publication . Doctoral thesis . 2015

Maize, Quetzalcoatl, and Grass Imagery: Science in the Central Mexican Codex Borgia

Ellis, Helen;
Open Access English
  • Published: 01 Jan 2015
  • Publisher: eScholarship, University of California
  • Country: United States
Abstract
Before the Spanish-led defeat of the Aztecs in 1521, manuscripts were ubiquitous in Mesoamerica. Regrettably very few survive. One of them is the Aztec (Eastern Nahua) Codex Borgia painted in the Late Postclassic period (ca. 1250–1521 CE). Many of its 76 pages include maize imagery in polychrome. The plant appears amid gods of fertility hovering above naked females; associated with Quetzalcoatl, the god of wind; and rendered to look strikingly similar to grass. The questions I address in this dissertation relate to the significance of maize, Quetzalcoatl, and grass depictions. What does maize imagery convey? Why did the Nahua venerate a god of wind? How is maize...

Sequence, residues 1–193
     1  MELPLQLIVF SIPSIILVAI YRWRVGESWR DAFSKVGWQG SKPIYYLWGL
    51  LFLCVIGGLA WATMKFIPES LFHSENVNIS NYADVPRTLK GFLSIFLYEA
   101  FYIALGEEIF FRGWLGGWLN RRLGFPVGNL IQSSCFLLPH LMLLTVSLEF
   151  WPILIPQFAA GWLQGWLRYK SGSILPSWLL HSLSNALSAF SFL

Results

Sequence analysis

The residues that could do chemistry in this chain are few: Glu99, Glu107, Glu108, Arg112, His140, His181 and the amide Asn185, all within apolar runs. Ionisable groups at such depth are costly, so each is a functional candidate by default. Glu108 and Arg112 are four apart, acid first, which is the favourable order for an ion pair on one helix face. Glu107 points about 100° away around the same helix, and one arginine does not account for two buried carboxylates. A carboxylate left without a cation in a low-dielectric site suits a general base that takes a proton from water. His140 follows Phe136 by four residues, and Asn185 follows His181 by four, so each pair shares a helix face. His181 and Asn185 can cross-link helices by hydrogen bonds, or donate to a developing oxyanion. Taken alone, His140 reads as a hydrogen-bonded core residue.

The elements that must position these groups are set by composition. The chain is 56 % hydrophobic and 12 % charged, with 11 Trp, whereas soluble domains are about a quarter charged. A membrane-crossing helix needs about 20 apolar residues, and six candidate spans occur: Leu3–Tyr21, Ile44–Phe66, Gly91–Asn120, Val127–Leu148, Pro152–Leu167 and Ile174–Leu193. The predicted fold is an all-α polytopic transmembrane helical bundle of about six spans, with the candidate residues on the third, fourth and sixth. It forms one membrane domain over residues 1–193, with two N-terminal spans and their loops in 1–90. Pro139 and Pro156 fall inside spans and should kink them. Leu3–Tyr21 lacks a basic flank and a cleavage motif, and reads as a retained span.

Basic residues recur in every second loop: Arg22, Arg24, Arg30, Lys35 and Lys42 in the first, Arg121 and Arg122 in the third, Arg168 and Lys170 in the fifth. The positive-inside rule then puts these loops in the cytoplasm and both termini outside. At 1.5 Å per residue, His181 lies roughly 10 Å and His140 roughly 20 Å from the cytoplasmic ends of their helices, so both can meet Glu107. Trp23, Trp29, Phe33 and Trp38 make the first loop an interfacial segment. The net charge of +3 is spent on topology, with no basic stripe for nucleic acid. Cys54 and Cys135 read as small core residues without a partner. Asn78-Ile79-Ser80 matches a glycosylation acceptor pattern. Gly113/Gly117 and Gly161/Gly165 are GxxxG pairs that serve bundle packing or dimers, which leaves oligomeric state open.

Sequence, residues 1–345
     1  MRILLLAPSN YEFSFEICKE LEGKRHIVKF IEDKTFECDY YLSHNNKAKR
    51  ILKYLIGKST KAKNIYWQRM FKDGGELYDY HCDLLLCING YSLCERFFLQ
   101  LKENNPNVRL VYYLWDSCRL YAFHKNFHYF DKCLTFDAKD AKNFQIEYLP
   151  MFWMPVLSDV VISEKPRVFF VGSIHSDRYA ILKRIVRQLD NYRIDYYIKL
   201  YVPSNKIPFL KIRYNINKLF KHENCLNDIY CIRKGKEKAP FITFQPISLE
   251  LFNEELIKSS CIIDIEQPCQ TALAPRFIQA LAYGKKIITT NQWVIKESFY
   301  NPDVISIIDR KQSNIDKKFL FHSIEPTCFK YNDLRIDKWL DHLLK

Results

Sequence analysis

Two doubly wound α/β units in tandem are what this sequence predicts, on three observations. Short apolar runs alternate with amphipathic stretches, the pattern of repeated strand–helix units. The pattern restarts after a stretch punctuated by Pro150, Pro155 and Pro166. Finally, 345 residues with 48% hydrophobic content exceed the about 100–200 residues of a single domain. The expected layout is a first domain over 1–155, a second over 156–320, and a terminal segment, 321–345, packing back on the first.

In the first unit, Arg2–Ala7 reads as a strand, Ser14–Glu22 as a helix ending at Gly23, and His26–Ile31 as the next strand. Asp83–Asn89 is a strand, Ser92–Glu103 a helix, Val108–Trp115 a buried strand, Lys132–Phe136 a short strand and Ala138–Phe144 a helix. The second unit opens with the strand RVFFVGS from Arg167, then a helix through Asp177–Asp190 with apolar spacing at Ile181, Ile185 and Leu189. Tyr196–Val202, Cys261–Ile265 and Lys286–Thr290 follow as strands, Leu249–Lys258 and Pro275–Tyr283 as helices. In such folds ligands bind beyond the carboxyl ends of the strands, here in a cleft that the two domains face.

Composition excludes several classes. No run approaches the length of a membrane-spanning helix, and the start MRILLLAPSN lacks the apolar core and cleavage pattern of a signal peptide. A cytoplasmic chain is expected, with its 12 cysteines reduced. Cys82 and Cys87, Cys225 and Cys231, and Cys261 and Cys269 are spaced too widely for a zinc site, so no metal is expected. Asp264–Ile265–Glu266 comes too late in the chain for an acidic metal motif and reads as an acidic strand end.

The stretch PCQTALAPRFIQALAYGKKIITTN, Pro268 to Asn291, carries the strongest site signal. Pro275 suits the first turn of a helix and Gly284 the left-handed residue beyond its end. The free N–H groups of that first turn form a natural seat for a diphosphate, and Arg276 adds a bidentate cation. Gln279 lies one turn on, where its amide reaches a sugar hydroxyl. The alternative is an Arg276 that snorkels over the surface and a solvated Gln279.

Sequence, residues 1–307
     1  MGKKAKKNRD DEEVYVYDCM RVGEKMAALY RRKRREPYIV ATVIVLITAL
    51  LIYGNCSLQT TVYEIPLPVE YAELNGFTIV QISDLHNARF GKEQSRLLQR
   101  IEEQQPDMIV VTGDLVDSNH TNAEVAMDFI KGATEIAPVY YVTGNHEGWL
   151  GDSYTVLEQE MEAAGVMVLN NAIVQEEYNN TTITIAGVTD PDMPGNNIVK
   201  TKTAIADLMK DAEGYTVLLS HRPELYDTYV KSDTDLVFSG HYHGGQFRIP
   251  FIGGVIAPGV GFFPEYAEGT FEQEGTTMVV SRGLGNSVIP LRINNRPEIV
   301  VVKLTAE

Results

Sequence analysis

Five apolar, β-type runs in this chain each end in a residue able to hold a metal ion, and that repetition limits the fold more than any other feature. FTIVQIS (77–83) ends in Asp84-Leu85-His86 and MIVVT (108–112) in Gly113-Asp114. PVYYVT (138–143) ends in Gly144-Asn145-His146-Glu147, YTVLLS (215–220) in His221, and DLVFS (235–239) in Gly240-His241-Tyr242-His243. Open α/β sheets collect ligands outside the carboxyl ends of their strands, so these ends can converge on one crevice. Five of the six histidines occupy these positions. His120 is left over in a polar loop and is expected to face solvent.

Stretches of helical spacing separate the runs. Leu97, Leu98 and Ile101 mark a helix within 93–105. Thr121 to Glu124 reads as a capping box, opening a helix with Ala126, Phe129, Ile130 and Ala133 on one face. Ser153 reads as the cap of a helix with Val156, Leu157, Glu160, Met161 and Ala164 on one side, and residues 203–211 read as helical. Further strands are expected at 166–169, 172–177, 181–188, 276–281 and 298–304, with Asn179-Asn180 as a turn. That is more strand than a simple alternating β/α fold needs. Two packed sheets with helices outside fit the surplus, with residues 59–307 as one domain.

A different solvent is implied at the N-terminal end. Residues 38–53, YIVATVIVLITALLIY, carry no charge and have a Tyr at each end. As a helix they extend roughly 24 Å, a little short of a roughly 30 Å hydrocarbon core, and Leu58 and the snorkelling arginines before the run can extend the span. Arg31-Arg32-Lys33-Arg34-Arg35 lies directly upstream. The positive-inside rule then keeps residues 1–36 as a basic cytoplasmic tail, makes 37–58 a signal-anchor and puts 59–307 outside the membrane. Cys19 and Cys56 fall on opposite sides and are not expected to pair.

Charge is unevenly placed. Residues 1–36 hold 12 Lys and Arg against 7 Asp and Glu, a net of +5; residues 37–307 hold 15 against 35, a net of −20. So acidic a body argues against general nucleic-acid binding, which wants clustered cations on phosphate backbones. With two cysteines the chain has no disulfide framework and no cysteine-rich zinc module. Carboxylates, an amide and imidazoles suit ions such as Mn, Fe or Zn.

Subjects
free text keywords: Art history, Botany, Science history, Codex Borgia, indigenous people, Maize, Quetzalcoatl, Teosinte
Communities
Digital Humanities and Cultural Heritage
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